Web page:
Learning To Teach In A Distant Learning World. It’s The New Reality For Student Teachers.

April 26, 2020

University of West Florida student teachers have made the transition to online classrooms alongside their cooperating teachers, implementing new technologies and learning invaluable lessons in agility that will serve them well in their future teaching careers.

The printer whirred in the background as University of West Florida senior, Kate Powers, answered the phone.

“Hello! I’m so sorry for getting back to you so late—I got busy! And now I’m just trying to print off a few assignments, actually they’re time capsules, for students to record living through COVID-19.”

Talking to Powers, who is finishing up her last semester as a student teacher at an elementary school, it’s evident that the work hasn’t stopped during the COVID-19 pandemic—it’s simply changed. These sudden, unprecedented changes are met with gumption by educators and student teachers like Powers.

Argos are resilient. When the waters get rough, they don’t turn back; they raise their sails. The student teachers at UWF will continue on—joining Zoom calls, helping teachers with remote lesson plans and thinking of their students from afar.

Student teaching is the capstone experience for students in the elementary education and ESE/elementary education degrees. During the semester-long experience, teacher candidates gradually assume full teaching responsibilities in a classroom with the guidance and support of an experienced teacher. They, along with the rest of class of 2020, will graduate with an unexpected skill set that will shine throughout their professional lives.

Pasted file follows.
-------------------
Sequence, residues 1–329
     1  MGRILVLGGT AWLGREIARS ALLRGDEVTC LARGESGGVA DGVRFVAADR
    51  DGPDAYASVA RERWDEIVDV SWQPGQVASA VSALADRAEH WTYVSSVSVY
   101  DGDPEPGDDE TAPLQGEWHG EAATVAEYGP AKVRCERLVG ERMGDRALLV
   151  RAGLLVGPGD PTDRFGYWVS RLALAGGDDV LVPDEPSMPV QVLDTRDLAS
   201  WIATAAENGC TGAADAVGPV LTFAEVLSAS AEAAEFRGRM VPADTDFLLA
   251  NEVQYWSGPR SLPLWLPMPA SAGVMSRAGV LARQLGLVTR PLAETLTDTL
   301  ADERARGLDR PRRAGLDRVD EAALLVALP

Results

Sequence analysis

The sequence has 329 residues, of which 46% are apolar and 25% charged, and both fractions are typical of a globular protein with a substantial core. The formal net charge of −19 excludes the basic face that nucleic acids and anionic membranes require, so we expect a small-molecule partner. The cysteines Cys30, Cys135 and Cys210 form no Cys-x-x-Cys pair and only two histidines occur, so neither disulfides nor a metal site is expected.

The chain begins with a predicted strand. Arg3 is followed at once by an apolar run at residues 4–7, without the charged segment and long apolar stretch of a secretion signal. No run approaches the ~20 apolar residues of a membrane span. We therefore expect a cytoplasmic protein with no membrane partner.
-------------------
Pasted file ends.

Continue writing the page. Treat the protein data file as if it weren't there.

Following the lead of many other school districts, the Santa Rosa County School District, which includes Powers’ assigned school, made the decision to close schools in March. This meant that students wouldn’t return to the classroom following spring break. Teachers were left distraught, wondering how they would adapt to this “new normal.”

“It’s just been so sad for everyone,” Powers said. “I told all of my students on the Thursday before spring break, ‘have a great week’ without knowing it was the last time I would see them.”

In November, the UWF student teaching program began the national accreditation process, and they determined one of their opportunities for improvement was incorporating more technology into the program.

“The changes that came with COVID-19 have accelerated the introduction of technology, which is a good thing for many of our student teachers because they can adopt these skills into their own classrooms someday,” said Kelly Aeppli-Campbell, assistant director of field placement at UWF who works with student teachers as a professor of senior seminar. “Different counties utilize different learning platforms and technologies. This situation allows our students to work with their cooperating teachers and learn the practical application of designing a lot of the coursework for online.”

Aeppli-Campbell says that this shift has jump-started how they will change the program long-term, requiring their student teachers to design Google classrooms as a part of their coursework, among other virtual assignments.

Alongside their cooperating teachers, they’re adapting all facets of their lives, including learning new and utilizing familiar technologies and communication methods, to best serve their classrooms.